Day 42 in our Lenten Journey beyond “Beyond Vietnam.” From Sharon Kyle, publisher of the LA Progressive and a professor of law at Peoples College of Law in L.A., excerpted from “Is Racism a Racket?” in the L.A. Progressive:
What struck me was that Dr. King almost laid bare the notion that racism is a racket. Not to say that racism doesn’t exist but that it’s continued existence serves an elite few.
In a similar assertion, Smedley Butler—a career military man who received 16 medals, five for heroism, and is one of 19 men to receive the Medal of Honor twice— wrote a book entitled, “War Is a Racket” because he felt that his years of experience showed him that American corporations and other imperialist motivations were behind our wars. He came to see through the PR campaigns that prime the public — that set the stage for war. After retiring from service, he became a popular activist, speaking at meetings organized by veterans, pacifists, and church groups.
An accepted definition of the word racket is: something that is not what it seems to the majority of the people. Are we all being bamboozled?
No longer do we have a Cold War to justify our lust for military hardware and personnel. Instead, we’re fed a constant drumbeat of messages that serve to keep us afraid—afraid of terrorists, afraid of illegal aliens, afraid of rising crime rates? Interestingly, the three groups usually associated with these issues are black and brown folk. And what remedy are we offered to calm these fears? Well, more spending, of course.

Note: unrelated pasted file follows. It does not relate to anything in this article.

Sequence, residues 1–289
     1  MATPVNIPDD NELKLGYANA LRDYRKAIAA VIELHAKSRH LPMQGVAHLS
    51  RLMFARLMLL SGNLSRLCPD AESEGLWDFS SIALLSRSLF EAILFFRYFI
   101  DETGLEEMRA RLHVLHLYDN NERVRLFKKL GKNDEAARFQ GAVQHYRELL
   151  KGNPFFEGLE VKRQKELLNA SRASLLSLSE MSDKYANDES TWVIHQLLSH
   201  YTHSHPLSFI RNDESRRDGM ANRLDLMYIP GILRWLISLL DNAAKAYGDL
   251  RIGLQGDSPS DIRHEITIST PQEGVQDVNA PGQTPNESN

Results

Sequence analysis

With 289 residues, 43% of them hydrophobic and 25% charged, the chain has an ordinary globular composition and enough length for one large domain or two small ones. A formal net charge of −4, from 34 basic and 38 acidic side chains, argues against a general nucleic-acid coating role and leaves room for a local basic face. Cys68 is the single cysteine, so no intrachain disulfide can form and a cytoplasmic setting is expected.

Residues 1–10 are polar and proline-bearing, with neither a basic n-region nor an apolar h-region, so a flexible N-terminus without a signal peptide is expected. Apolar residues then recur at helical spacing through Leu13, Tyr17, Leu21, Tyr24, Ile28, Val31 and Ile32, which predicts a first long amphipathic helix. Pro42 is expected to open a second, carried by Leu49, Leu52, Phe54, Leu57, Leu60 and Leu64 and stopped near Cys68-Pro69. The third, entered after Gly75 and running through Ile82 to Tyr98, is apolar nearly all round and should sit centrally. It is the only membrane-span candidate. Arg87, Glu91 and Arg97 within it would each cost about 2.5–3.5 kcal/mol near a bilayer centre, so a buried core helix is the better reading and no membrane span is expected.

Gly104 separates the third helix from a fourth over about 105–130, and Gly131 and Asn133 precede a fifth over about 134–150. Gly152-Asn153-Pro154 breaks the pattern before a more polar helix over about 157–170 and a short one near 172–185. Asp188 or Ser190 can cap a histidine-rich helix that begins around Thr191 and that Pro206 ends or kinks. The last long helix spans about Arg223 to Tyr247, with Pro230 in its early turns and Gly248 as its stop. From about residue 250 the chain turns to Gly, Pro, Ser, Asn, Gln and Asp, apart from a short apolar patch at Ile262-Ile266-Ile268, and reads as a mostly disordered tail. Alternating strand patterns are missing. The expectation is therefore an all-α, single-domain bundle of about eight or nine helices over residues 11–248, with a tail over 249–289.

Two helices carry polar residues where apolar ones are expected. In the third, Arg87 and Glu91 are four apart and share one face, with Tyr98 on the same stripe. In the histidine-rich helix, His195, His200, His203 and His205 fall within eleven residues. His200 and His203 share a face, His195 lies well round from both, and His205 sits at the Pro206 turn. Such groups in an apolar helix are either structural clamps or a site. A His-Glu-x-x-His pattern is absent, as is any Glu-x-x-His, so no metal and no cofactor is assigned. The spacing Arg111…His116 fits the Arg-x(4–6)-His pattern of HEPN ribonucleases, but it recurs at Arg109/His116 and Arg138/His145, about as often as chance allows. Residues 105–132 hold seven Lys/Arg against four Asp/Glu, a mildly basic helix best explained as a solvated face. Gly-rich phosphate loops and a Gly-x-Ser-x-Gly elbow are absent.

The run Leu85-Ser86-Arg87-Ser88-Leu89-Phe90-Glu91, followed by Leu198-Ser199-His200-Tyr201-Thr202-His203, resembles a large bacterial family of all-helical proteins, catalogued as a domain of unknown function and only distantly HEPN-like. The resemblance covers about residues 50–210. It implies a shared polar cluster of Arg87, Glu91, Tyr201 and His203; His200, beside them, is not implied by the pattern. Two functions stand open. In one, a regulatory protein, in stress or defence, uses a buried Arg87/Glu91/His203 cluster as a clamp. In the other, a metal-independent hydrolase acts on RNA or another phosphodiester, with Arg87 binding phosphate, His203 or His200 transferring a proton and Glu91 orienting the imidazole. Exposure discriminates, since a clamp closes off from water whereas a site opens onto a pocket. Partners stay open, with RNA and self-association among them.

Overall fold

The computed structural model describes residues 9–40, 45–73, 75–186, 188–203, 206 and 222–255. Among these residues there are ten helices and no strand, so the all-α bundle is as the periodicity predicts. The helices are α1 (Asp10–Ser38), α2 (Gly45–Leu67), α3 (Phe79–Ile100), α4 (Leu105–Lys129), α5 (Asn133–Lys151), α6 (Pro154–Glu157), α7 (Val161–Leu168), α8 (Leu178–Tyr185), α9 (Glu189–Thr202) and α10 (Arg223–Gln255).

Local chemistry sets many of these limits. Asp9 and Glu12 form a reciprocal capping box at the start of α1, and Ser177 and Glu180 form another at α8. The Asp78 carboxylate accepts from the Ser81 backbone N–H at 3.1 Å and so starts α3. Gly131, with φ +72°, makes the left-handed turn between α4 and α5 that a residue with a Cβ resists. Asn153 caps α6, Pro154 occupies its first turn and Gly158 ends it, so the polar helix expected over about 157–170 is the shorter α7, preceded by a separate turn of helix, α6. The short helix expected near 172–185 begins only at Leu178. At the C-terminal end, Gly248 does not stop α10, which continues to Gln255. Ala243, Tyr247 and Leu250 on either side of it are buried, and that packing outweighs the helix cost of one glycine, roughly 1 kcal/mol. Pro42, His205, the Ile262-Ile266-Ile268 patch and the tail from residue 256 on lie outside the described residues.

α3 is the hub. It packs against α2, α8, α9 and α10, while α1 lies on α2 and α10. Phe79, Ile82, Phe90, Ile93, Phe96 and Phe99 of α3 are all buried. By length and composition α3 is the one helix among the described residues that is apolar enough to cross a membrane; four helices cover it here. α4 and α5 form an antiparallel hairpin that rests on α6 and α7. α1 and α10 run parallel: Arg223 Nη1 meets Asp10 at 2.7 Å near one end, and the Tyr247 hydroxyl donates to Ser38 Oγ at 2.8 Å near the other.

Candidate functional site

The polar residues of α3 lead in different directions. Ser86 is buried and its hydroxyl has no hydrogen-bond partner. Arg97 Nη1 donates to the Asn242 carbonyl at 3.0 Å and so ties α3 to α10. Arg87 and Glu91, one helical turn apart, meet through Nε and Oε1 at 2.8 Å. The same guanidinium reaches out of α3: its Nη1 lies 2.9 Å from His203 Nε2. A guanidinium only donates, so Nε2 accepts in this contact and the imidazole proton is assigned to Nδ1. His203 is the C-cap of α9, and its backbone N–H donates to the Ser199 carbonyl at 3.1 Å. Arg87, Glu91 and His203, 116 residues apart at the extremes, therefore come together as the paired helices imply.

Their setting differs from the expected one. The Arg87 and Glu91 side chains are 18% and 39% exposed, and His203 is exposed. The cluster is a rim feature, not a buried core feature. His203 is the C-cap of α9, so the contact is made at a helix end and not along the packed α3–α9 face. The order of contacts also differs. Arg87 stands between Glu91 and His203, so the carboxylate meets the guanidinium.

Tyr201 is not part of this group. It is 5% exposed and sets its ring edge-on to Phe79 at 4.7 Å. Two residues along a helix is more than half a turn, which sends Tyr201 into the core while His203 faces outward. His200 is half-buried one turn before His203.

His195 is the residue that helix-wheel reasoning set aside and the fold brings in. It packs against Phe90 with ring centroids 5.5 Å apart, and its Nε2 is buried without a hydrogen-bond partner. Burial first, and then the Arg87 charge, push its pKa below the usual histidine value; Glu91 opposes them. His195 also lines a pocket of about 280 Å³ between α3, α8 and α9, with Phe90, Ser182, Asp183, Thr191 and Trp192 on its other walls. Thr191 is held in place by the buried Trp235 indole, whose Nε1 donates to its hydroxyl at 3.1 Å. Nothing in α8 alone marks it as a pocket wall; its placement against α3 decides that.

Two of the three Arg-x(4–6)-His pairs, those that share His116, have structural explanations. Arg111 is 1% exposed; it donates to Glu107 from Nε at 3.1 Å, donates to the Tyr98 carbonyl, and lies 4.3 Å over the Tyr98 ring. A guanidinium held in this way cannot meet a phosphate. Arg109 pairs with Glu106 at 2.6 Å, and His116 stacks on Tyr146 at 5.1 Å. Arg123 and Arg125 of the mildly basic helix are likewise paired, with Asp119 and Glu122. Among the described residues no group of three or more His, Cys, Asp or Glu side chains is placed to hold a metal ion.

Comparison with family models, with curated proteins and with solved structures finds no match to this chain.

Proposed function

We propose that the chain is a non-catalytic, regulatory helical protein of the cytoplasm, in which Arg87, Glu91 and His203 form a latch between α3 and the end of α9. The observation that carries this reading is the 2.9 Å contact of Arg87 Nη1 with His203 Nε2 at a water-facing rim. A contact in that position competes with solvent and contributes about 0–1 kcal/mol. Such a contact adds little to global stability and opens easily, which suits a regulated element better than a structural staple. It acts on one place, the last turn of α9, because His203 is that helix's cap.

The U.S. spends more on defense than the next seven highest spending countries COMBINED. The Department of Homeland Security, an agency that didn’t even exist before 9/11, now spends $40 billion a year. Unprecedented in human history, the growth of the U.S. prison system is costing Americans $182 billion a year according to a recent report published by the Prison Policy Initiative.
The New York Times recently published a chart showing the impact of the Trump administrations proposed national budget. As was seen during his campaign, Trump primed his base with fear mongering and with promises he’s unlikely to deliver on but his budget shows where his focus is.
The MLK Memorial in Washington, DC shows King looking off into the distance. The Washington Monument appears off in the distance. What does this symbolism say?